You mean the same technicality I was continually highlighting? The one that actually stops it being a "helicopter"?
To assume "drone" equates "quadracopter" then all the questioned systems are unviable as they require atmosphere. Should "drone" not equate "qaudracopter" then there are propulsion systems that could make that viable, in one form or another.
The flight mechanics of such a system is vastly adjusted also - for example a simple maneuver like a stable hover. On Earth the consistent 1G combined with air pressure at all sides means that unless your're close enough to the floor to get hit by your own rotor wash then stability is not much of a chore. Unless you're being gimp with the controls then it should pretty much achieve itself and you just compensate for wind and it's inconsistencies. In the low gravity environment there's less force pulling you "down" which makes holding height harder - software is far more likely to cope - it'll be "easier" and more efficient to repeatedly fire many short bursts than a continual specific pressure unless this is of significant weight. There's also issues with getting relative velocity to 0.00m/s, despite lacking wind. Center of mass and center of thrust begin to really matter - rotor damage aside, the thrust on a helicopter is pretty easy to blalance, even on a CH-47 - 0.0001 off in any direction encourages drift/rotation and there's no atmosphere to provide lateral resistence so the effect is magnified. Again, far more likely for software to cope with the constant and rapid adjustments required.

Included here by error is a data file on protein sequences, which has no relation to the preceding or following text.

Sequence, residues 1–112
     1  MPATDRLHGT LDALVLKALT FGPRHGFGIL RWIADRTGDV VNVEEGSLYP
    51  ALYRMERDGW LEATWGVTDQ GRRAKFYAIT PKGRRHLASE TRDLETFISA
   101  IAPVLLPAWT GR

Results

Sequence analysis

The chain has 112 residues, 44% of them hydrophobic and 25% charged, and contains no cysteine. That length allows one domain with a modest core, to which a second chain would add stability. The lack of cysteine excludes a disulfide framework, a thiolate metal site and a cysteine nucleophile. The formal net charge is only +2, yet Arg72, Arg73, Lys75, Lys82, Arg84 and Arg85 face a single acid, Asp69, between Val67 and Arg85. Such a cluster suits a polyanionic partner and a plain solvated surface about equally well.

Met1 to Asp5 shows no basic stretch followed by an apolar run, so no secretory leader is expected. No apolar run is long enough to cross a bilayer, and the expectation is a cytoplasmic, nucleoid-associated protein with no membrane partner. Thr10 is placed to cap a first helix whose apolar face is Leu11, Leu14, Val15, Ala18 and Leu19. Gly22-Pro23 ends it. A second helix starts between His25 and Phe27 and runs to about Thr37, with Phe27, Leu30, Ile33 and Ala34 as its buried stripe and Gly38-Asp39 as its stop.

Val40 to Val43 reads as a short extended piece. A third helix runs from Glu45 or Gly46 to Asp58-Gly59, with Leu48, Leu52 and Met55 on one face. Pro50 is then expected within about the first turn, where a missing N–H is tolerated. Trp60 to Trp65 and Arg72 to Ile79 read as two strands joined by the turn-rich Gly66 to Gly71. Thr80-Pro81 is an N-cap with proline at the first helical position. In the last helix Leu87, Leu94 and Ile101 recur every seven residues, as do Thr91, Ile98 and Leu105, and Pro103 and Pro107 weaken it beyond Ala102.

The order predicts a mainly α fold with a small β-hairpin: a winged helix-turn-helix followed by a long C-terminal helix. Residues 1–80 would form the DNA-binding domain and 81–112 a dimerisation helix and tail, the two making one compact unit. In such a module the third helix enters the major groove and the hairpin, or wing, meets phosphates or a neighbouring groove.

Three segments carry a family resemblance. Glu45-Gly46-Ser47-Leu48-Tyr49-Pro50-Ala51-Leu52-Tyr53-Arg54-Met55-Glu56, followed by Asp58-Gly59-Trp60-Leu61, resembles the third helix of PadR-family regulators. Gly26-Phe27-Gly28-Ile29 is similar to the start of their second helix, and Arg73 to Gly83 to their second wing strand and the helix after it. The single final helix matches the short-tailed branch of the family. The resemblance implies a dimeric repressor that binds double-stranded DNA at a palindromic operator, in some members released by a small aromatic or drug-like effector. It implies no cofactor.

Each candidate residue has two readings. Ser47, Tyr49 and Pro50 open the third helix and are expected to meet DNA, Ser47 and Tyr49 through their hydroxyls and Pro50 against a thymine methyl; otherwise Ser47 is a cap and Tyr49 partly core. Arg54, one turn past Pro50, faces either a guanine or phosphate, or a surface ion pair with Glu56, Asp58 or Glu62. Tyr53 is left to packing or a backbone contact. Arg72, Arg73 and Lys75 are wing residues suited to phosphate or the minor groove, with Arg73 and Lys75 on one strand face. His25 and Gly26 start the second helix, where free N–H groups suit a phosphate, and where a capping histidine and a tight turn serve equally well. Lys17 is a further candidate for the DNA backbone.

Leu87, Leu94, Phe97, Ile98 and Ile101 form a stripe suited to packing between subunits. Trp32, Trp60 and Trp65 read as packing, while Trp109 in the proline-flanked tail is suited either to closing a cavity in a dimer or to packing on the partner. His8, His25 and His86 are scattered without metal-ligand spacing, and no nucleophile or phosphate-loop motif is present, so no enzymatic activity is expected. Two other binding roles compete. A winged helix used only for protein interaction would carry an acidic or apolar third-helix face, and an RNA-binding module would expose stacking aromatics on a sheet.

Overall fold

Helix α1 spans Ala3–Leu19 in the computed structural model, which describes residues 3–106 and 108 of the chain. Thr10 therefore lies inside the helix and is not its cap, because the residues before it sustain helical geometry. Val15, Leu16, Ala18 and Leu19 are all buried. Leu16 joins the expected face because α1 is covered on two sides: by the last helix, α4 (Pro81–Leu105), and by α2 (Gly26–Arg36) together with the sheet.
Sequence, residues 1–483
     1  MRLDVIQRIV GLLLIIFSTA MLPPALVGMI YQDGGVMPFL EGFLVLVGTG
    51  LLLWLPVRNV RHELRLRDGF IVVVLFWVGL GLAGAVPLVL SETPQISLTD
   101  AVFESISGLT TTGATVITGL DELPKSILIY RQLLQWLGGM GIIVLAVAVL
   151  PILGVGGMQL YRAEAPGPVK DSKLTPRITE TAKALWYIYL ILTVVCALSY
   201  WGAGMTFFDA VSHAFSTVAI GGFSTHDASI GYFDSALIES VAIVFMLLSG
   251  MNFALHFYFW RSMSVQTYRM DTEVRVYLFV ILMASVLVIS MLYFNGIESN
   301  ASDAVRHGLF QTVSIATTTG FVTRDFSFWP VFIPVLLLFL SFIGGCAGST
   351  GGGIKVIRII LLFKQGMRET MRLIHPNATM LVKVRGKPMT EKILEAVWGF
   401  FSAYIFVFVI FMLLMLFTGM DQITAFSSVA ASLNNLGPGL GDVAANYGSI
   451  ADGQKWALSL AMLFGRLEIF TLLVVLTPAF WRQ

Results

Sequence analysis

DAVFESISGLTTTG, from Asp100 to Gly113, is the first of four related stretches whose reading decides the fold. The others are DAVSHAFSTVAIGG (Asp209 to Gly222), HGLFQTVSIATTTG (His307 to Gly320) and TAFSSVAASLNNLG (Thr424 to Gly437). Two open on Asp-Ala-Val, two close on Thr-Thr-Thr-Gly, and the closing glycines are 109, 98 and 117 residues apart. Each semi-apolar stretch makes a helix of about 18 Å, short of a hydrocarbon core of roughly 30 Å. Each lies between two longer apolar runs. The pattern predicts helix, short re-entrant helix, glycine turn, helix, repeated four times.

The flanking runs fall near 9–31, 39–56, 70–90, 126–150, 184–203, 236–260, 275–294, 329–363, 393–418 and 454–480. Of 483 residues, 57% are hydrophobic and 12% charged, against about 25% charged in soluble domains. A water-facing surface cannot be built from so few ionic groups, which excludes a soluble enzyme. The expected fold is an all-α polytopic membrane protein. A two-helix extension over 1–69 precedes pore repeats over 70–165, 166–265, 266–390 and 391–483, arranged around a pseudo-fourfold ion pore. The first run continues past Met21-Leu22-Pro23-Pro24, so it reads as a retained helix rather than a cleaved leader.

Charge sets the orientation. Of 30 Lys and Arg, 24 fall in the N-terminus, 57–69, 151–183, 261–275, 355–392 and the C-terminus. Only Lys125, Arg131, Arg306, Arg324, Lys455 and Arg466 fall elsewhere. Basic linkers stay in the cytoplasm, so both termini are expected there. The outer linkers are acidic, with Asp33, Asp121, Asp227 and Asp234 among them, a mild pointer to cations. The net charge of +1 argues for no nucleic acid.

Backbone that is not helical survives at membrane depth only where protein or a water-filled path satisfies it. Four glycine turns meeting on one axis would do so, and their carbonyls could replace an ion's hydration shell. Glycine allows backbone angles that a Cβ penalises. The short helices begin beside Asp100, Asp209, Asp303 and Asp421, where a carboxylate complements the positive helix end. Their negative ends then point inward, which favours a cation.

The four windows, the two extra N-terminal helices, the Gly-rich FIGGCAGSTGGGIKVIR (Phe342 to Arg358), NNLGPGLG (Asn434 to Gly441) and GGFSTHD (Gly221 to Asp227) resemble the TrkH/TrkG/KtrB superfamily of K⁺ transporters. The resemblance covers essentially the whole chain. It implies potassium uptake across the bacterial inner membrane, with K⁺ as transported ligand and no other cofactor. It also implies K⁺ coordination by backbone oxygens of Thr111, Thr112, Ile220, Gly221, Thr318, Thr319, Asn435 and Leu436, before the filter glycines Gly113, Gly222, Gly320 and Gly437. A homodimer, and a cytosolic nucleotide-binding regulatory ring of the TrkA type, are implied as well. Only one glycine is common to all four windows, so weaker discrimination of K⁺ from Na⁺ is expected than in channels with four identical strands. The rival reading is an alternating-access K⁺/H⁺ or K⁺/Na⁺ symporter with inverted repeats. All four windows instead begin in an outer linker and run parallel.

Such a system is highly unlikely to behave in the remotest as a helicopter. More comparable in terms of the mechanical effect leveraged than a helicopter would the Harrier - which is balanced well enough to prevent rotation/yaw, if the pilot compensates for angular momentum (can't confess to trying this on the moon however) as this leaves vector thrust mode and enters hover mode it's technically neither a jet nor a helicopter. Reltative velocity to 0.00m/s is still difficult. 0.05m/s » 0.1m/s for a few seconds is more realistic, with pilot correcting slightly to give an overall effect of stability - keeping it in a ten meter square box from 250 ft away looks like hovering static. It's kind of like standing on stilts, attempting to remain static requires constant compensation and ultimately doomed failure but even the smallest amount of constant momentum allows for smooth and easy progression. Or like an air hockey table - unless perfectly balanced, both the table and the puck, placed in the center, evenly, there will be drift one direction or another. Helicopters the thrust comes from slightly above as opposed to slightly below - and central as opposed to perimeter. Muchly different beasties in terms of handling, esp under mechanical failures.